Lolcats. Salsa dancing. Unrequited love. Tom Crosshill's smart and witty debut teen novel treads a colorful coming-of-age journey from New York City to Havana that will appeal to fans of books by Matthew Quick and Junot Díaz.
When Rick Gutiérrez—known as "That Cat Guy" at school—gets dumped on his sixteenth birthday for uploading cat videos from his bedroom instead of experiencing the real world, he realizes it's time for a change. So Rick joins a salsa class . . . because of a girl, of course. Ana Cabrera is smart, friendly, and smooth on the dance floor. He might be half Cuban, but Rick dances like a drunk hippo. Desperate to impress Ana, he invites her to spend the summer in Havana. The official reason: learning to dance. The hidden agenda: romance under the palm trees.
Except Cuba isn't all sun, salsa, and music. As Rick and Ana meet his family and investigate the reason why his mother left Cuba decades ago, they learn that politics isn't just something that happens to other people. And when they find romance, it's got sharp edges.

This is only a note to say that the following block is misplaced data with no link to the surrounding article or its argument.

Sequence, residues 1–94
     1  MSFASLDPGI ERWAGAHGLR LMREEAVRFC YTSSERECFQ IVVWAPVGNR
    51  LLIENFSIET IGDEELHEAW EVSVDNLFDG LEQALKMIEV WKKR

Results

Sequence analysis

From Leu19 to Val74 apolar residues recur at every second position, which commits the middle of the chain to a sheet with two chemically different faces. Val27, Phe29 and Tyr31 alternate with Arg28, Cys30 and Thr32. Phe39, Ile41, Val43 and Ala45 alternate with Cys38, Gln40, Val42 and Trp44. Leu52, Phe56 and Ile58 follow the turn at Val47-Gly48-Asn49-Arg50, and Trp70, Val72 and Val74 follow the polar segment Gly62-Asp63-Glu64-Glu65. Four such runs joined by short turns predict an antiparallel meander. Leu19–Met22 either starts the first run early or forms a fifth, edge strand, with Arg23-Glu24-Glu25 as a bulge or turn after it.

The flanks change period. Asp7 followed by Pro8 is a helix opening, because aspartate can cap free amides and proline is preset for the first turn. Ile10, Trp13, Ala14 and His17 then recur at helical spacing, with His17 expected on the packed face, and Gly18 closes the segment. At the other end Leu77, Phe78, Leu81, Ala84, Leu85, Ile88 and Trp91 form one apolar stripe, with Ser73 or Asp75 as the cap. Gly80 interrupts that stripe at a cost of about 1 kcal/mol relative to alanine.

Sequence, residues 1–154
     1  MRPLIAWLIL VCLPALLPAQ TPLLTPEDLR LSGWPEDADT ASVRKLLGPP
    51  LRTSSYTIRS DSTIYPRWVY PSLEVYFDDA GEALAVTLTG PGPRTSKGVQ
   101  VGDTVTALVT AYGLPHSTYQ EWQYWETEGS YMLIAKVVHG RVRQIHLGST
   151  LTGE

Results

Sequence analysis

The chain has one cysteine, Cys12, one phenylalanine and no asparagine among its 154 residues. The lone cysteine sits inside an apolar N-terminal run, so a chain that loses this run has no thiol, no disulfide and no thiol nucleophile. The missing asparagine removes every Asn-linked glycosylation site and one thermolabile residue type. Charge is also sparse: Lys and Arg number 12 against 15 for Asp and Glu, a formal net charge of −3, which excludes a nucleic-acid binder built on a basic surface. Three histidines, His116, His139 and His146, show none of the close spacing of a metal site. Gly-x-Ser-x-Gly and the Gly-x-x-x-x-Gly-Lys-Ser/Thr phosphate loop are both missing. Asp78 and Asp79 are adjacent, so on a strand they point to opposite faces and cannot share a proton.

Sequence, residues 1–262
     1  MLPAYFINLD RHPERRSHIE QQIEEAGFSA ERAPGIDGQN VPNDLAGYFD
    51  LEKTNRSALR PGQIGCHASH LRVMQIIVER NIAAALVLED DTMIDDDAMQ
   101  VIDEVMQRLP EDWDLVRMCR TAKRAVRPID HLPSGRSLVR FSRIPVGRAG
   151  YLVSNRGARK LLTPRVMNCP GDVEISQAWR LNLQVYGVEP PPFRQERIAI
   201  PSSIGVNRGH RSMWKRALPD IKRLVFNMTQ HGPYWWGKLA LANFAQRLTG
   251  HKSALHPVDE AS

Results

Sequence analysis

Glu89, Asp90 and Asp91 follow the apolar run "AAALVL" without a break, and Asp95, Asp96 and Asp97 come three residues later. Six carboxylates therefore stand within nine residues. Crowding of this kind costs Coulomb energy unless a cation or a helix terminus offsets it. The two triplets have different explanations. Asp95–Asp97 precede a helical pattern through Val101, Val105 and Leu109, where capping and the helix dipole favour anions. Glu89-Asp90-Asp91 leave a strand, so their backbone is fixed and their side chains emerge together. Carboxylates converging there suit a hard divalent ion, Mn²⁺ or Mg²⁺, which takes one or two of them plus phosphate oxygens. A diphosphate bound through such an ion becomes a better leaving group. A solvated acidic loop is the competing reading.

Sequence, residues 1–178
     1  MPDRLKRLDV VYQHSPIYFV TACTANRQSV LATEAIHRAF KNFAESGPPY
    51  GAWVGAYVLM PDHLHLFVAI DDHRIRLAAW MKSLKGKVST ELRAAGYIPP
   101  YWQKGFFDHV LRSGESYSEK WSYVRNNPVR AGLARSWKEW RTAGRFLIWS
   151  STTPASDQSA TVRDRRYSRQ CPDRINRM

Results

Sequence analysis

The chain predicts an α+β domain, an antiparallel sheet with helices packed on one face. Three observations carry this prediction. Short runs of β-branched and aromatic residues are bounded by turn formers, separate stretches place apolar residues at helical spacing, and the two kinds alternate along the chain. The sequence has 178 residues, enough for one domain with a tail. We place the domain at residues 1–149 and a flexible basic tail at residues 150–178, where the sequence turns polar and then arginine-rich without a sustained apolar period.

Cat video entrepreneur Rick Guti rrez seeks change after his girlfriend dumps him on his 16th birthday. Rick joins a salsa band and meets dancer and filmmaker Ana, who is dealing with complicated family problems. Eager to spend more time with Ana and to explore his deceased mother's Cuban heritage, Rick invites Ana for a summer of salsa lessons in Havana. Living with his aunt and two cousins, Rick and Ana learn that communism is not as equitable as Aunt Juanita believes. When cousin Yolanda asks the two to help a kidnapped blogger, they are threatened, endangering themselves and Rick's family, even as Rick attempts to search for his mother's first love and uncover the truth behind her defection during the 1980 Mariel boatlift. Breaking the fourth wall, Rick speaks directly and engagingly to readers, infusing Crosshill's first YA novel with wry, self-effacing humor. The breezy pace and descriptions of Cuban culture soften the serious issues at hand supply shortages, imprisonment, and secret police. Despite an improbable ending worthy of a viral video itself, Crosshill's big-hearted novel shines. Ages 13 up.